2 Classical

(Re)Organization of Human Societies c. 600 B.C.E. to c. 600 C.E.: The Classical Era

Regionally-Specific Groups: PERIOD 1 … PERIOD 3 … PERIOD 4
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Classical KC 1: The Development and Codification of Religious and Cultural Traditions.  As states and empires increased in size and contacts between regions intensified, human communities transformed their religious and ideological beliefs and practices.

 

  • Alexander’s empire, c. 323 BCE – Bentley pg. 242

  • Expansion of the Roman Republic to 146 BCE. Bentley pg. 263

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Classical KC 2: The Development of States and Empires.  As the early states and empires grew in number, size, and population, they frequently competed for resources and came into conflict with one another.

 

 

 

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Classical KC 3: Emergence of Transregional Networks of Communication and Exchange.  With the organization of large-scale empires, trans-regional trade intensified, leading to the creation of extensive networks of commercial and cultural exchange.

 

A Photo Trip Along the Ancient Silk Roads. ALAN TAYLOR of The Atlantic Magazine.  Here is the backup version of that source.

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Crash Course World History II conceptualizes and problematizes the fall of civilizations through the natural resource of WATER in Mayan in Central America (c. 1800 BCE thru 200 CE) and Khmer societies in Southeast Asia ( c. 800 CE thru c. 1400).  Spanning across the different chronological Units is useful to remind ourselves of the sheer scope of history, and prepares us for our next Unit.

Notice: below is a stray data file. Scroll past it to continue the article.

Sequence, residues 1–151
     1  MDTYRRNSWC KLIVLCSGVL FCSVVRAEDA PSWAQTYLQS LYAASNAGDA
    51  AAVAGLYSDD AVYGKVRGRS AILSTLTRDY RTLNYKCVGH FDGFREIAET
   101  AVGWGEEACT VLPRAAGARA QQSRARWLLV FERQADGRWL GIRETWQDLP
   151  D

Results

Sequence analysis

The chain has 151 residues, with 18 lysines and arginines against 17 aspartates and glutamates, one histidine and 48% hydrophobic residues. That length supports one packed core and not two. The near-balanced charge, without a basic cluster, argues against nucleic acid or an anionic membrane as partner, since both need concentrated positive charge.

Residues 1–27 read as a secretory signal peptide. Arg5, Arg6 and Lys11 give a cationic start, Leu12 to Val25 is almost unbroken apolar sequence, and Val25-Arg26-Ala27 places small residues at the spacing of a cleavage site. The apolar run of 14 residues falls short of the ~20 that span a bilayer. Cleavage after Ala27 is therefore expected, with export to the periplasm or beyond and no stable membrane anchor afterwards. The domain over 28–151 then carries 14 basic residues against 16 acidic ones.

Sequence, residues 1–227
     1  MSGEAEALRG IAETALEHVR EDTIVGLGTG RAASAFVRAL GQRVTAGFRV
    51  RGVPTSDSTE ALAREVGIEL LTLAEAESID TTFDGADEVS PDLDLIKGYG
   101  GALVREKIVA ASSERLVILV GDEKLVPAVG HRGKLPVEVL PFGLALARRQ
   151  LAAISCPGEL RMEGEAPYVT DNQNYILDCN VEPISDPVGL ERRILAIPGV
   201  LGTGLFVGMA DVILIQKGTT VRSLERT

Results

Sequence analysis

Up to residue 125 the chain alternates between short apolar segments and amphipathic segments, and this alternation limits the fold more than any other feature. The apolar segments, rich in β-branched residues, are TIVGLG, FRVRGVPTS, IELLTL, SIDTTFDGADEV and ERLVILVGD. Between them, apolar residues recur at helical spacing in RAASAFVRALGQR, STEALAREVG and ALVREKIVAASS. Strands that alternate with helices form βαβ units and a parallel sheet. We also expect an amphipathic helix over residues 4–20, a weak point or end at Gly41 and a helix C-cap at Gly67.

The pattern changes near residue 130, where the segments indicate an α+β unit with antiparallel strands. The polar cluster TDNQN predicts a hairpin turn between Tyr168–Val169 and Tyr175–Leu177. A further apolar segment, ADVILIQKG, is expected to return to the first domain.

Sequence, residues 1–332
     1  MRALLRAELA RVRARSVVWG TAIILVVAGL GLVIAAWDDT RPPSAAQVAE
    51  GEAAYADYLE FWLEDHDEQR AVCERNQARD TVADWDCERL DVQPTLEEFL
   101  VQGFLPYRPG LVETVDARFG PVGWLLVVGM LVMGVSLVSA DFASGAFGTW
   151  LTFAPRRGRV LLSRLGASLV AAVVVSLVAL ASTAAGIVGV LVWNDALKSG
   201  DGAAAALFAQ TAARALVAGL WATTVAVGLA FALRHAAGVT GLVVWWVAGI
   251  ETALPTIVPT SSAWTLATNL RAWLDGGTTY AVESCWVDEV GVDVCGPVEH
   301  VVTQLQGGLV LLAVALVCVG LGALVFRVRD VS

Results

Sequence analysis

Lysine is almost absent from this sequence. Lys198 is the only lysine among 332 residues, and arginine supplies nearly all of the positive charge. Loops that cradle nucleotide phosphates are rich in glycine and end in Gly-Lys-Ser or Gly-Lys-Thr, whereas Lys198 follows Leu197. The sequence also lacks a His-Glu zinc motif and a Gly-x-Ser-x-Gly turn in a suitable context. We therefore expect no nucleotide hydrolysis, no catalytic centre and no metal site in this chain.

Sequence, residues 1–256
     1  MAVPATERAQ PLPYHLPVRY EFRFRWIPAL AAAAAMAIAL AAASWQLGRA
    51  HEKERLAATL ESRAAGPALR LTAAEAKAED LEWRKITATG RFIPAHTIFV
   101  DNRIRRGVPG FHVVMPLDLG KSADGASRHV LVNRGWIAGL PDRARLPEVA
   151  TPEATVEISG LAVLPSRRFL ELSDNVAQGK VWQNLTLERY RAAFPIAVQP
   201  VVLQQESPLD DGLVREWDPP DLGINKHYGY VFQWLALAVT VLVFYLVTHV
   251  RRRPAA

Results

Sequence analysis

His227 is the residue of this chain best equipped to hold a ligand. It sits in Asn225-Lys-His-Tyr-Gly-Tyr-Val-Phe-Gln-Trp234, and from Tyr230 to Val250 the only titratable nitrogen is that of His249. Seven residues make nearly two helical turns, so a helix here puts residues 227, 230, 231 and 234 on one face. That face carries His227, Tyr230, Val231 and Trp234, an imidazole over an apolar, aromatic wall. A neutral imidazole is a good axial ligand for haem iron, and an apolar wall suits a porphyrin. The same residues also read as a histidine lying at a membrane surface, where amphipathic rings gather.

While some Classical (c. 600 BCE – 600 CE) and Post-Classical (c. 600 CE – 1450) era civilizations  seek to control limited amounts of water, some are masters of the seemingly endless surrounding oceans.  Similarly, water is yet another factor in the story of human ingenuity as a function of movement; some human migrations have origins from Paleolithic times, like the Bantu migrations out of the Great Rift Valley in east Africa.  Others long lasting human migrations, like the Polynesian migrations, began later, but still happened over the course of multiple historical periods.  Let’s inquire into the later of these two major migrations.  Consider this map of Polynesia, as well as PNAS’ 2011 article by John Terrell titled “Recalibrating Polynesian Pre-history.”  Consider too the possibility of South American interaction with the region of Polynesia, as suggested by the work of Thor Heyerdahl in Kon Tiki (1948).  Finally, inquire into some of the most awesome maritime navigation ingenuity in human history:

 

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 Freeman-pedia’s page on the Classical era is great for REVIEW!

*SAQ Prep for Bentley Textbook: 600 BCE-600 CE – The Classical Era*

…Bentley Textbook Chapter Outlines…

Just as we do with our unit-by-unit SECSE Maps (on the “Geography!” page of the website), it will be important that we annotate and color-code chapter notes.